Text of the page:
What does one do on Burger Day (22nd August)? The canteen at work, thanks to our company-wide wellbeing mission, didn’t get on board. They served up chicken on the bone. Nice enough but… no. Luckily, London being London, there were plans afoot.
Step up Street Feast, the multi-faceted union of street food stalls, who have set up markets in Lewisham, Shoreditch, Canary Wharf and Canada Water. Everything they touch turns to gold. Or grease. Or some combination thereof. The European and I especially like the Canary Wharf market, ‘Giant Robot’, which is actually more of a bar, on the top level of the swanky new Crossrail Place. Here, you can gobble down pillowy steamed buns courtesy of Yum Bum, or a Black Bear Burger, all washed down with countless beers (including new our favourite, Beavertown), while waiting for the Crossrail to be finished (insert joke here). We did have a Street Feast location literally across the road from where we live in, the old covered public market (one stall there was Salt Shed, now an in-vogue bar-be-que and burger joint at Boxpark in Shoreditch). Last time we were there, a heavily refreshed gentleman fell off the balcony onto a table of eaters below, scattering their comfort food and beers asunder. ‘Public’, in Woolwich, as the marketers have called it, is now closed until 2020. I’m not sure if the closure and the tumbling drunk are related.
Anyway, a few weeks ago a Facebook ad popped up declaring that Street Feast was organising the first burger festival ever, at the Hawker House, the Canada Water market. I am not one to pay much attention to anything I see through Facebook but seeing the words ‘burger festival’ made me sit up straight. Seeing its name ‘Bundance’ made me buy two tickets.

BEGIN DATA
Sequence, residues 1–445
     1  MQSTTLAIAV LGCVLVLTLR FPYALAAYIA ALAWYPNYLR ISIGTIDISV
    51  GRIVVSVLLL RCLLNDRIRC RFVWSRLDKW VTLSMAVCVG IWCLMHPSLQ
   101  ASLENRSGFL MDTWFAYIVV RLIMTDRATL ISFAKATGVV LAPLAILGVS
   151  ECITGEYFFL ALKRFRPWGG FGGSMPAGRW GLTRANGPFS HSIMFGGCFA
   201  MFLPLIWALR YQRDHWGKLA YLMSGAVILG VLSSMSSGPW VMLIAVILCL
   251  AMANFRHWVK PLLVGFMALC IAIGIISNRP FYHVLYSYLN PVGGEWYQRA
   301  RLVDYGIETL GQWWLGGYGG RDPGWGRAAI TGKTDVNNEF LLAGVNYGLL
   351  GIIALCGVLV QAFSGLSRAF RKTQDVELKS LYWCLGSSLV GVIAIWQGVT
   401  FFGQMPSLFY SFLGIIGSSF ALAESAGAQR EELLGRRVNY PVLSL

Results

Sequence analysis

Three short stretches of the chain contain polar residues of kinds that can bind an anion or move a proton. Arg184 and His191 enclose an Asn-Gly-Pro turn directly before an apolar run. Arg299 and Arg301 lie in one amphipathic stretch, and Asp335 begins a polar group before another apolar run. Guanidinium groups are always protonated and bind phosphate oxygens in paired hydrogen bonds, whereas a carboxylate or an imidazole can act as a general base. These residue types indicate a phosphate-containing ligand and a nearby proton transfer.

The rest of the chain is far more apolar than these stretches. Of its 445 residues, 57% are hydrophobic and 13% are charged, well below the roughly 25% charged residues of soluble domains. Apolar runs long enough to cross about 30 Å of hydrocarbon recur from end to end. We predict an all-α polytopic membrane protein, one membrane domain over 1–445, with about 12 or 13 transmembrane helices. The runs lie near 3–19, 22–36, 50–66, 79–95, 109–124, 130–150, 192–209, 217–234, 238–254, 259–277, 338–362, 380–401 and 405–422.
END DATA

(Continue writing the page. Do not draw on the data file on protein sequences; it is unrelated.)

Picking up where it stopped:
As the date approached, my colleagues urged caution. Any festival like this, they argued, is a way to cash in. Sure enough, the tickets didn’t include any burgers, just a beer and a shot of something indiscriminate. Nevertheless, we pressed on. Day of, and The European was sick with flu. She expressed misgivings about what we would be paying for once we got in. Nevertheless, we pressed on.
Let’s start with the positives. Bundance was a great idea. The stalls at Hawker House, usually sporting a plethora of goodies such as pizza, more Yum Buns, dumplings, burgers and doughnuts, all turned over their spaces to various burger vendors from both restaurants and food trucks across this great city. Upon arrival, you were given a card outlining who they were and where in the massive, inside-outside space you can find them. The atmosphere was very festival-like, with thumping music, revelry a-plenty, and at least six bars where you wash down the stodge.
We immediately saw a problem. There were fifteen different kitchens, and therefore fifteen different burgers. One of us was ill, both of us have limited appetites these days. Our eyes were clearly larger than our stomachs. Even though at Bundance the patties are served slider-sized, there was going to be an inevitable capacity issue. Logic would argue that if the both of us do not order the same burger, and simply split each one we buy, we could each taste six burgers, maybe eight if our stomachs allowed it. This backfired straight away as we both really wanted to try the same ones, and we’re not great at compromising. And who wants to share a slider burger anyway? We collected our free beer (Bud Light, obviously, the cheapskates), and got to work.